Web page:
We don't know its name. We don't know where it will begin, nor when it will end. But we know it's almost certainly coming for us.
Now, scientists have unveiled a blueprint of what the next deadly global pandemic will probably look like, with over 120 experts sharing insights on the predicted traits of a virulent future pathogen that will know no borders.
"We need to get serious about respiratory viruses," infectious diseases researcher Amesh Adalja from Johns Hopkins University told Live Science.
"[There's] a lot of focus on diseases that aren't going to be able to change civilisation in a way that something that's spread through the respiratory route would be."
The kinds of diseases Adalja is talking about – things like Zika virus and Ebola – are extremely serious threats to public health, but in terms of pathogens that could pose a global catastrophic biological risk (GCBR), they're not as severe as biological agents that can freely disperse through the air we breathe.
That's the conclusion of a new report led by Adalja and released by the Johns Hopkins Centre for Health Security, which looks at the characteristics of pandemic pathogens.
According to the findings, perhaps the greatest threat of such a catastrophic pandemic isn't the bug itself – whose ultimate emergence is out of our hands (probably). Instead, it's us.
Why? Because a huge amount of research into things like viral forecasting goes into cataloguing, investigating, and sequencing the infectious threats we already know about.
While that's great for scientific understanding, Adalja says it's debatable whether this effort actually bolsters disaster preparedness for unfamiliar biological threats we have yet to encounter, and which don't fit the set templates we're busy drawing up.
"Health security preparedness needs to be adaptable to new threats and not exclusively wedded to historical notions," Adalja explains in a statement.
"A more active-minded approach to this problem will, in the end, help guard against a GCBR event occurring."
To that end, Adalja and fellow researchers spent over a year reviewing scientific literature on emerging infectious disease characteristics and the pathogenic potential of microbes – and interviewed more than 120 technical experts from academia, industry, and government.
In the team's final analysis, they say the pathogen responsible for the next deadly global pandemic will probably spread via a respiratory mode of transmission, and would be contagious during the incubation period, prior to the development of symptoms (or when people only show mild symptoms).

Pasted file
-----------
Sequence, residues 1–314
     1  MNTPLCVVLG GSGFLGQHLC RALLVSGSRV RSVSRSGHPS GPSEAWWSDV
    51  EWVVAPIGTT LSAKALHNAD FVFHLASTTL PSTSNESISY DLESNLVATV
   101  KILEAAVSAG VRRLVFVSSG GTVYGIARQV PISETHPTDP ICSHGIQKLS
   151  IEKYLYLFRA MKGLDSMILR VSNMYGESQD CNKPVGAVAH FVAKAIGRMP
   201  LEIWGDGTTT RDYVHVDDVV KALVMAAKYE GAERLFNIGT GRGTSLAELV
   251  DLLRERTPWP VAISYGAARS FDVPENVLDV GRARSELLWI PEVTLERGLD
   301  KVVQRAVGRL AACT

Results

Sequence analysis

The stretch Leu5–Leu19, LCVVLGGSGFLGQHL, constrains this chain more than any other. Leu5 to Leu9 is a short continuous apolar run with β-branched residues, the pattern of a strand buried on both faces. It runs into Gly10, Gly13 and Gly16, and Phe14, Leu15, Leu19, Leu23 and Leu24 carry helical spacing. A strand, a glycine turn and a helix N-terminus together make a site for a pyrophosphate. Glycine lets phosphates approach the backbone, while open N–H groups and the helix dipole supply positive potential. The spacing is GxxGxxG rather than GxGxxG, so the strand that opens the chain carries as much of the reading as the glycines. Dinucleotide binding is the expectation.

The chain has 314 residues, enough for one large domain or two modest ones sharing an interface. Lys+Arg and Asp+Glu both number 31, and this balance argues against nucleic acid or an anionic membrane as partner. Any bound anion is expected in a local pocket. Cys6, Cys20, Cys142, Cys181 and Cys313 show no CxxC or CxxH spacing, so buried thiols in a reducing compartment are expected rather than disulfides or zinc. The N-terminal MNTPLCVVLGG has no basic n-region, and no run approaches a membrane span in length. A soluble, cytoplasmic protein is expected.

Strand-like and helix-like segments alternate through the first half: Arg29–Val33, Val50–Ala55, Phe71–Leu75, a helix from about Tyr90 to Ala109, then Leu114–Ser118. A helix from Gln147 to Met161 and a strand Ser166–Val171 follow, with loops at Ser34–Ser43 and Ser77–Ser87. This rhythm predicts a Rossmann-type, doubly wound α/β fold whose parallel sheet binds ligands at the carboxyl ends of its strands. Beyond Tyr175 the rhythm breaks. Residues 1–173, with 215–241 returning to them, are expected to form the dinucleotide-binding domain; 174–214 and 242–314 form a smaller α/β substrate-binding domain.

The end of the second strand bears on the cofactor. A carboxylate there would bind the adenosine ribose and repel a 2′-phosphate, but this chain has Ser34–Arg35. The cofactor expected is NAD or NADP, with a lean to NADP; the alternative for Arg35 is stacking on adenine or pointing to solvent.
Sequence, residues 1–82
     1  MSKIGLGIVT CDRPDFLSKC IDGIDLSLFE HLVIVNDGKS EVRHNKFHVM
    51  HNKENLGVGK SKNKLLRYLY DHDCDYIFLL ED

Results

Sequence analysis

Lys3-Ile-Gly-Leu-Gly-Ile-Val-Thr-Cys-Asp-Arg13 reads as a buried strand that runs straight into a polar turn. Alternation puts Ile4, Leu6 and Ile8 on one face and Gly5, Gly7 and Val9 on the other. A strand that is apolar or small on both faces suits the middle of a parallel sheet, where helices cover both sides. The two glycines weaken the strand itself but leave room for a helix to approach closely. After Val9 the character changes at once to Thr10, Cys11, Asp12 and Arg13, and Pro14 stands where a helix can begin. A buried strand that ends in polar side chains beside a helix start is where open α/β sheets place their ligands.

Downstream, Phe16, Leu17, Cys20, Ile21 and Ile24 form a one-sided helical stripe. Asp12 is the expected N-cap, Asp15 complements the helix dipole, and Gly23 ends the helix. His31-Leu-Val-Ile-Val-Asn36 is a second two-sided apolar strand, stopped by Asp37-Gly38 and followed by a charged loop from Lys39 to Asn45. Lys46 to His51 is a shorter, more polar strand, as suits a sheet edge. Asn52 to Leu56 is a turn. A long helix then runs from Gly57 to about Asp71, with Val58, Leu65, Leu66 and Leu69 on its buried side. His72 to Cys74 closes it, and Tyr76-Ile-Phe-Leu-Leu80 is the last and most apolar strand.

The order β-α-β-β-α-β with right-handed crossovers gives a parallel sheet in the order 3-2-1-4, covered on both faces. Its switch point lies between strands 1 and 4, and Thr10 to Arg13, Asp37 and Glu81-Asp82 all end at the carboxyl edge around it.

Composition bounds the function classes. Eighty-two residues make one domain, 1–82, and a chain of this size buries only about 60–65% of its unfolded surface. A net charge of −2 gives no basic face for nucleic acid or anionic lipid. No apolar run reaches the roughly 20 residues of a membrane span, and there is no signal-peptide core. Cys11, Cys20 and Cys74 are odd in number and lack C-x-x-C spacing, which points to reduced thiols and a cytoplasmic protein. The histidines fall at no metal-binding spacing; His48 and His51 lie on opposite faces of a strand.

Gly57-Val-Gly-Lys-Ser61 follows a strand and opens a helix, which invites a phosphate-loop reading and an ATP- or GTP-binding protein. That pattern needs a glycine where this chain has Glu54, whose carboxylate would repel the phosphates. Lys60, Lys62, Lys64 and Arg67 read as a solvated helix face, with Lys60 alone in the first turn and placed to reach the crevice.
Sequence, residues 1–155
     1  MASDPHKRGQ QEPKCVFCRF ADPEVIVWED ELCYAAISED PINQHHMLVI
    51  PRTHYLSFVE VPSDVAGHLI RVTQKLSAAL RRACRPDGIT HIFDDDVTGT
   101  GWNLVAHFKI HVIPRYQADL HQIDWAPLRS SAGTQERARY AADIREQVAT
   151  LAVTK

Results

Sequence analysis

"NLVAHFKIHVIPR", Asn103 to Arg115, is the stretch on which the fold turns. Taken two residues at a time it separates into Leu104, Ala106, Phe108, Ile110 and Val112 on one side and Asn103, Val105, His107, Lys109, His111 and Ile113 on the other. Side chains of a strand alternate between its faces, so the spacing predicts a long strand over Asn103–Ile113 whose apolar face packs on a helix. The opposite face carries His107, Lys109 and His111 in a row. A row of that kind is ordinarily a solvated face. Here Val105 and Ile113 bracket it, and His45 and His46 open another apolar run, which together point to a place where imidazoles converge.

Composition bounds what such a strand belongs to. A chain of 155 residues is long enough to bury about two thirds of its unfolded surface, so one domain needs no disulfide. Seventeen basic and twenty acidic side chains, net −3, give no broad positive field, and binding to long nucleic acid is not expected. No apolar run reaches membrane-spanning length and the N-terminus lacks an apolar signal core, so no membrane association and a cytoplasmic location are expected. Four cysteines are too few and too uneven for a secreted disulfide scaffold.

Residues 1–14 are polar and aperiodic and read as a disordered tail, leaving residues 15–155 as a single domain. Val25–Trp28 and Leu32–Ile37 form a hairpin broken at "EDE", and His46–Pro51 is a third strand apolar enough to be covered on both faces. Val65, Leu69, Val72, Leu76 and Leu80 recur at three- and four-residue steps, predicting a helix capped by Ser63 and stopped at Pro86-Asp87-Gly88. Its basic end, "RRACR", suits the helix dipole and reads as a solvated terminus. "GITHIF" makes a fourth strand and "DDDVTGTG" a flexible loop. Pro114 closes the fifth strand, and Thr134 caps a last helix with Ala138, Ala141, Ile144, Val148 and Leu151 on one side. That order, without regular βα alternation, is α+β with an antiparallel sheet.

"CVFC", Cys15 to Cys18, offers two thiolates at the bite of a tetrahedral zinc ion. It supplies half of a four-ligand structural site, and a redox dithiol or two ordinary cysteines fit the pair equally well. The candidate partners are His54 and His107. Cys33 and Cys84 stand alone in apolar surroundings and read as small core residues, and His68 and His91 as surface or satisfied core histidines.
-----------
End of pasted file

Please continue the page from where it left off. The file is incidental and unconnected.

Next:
The disease would most likely have a low but significant case fatality rate: an important factor that actually increases the pathogen's overall transmissibility.
In other words, it would kill some people, but most would survive contracting the infection – leaving them free to spread the pathogen to others while they remain contagious – whereas a highly fatal, quick-acting killer bug could be too deadly for its own good.
The researchers think the most dangerous GCBR-level pathogens are RNA viruses, which are capable of mutating.
If a new kind of RNA virus were to emerge and grab a foothold among immunologically compromised people in the community – and if existing medicines didn't effectively contain the infection – we could have a GCBR event on our hands, the researchers say.
"It just has to make a lot of people sick," Adalja told Live Science, adding that initial and seemingly mild symptoms can sometimes mask how serious sicknesses are.
"[It's] not always going to be somebody dying a horrible death … it could be a very minimal case."
Of course, the good news is we haven't been struck with one of these GCBRs in recent times.
The bad news is we know from past experience that they can happen, and a lot of really smart people are saying we're not making fast enough progress in addressing the threat we face today.
Here's hoping this new report stirs some fresh debate in the scientific community, and prepares us to face the real risks out there – which may be nothing like what we've seen before.
"We approached this project with active minds trying to jettison reliance on list-based approaches that are incomplete and almost guarantee surprise outbreaks," Adalja explains in a blog post.
"I hope that others find the report of value and it serves to generate deeper analysis of this field."
The full report is available at the Johns Hopkins Centre for Health Security website.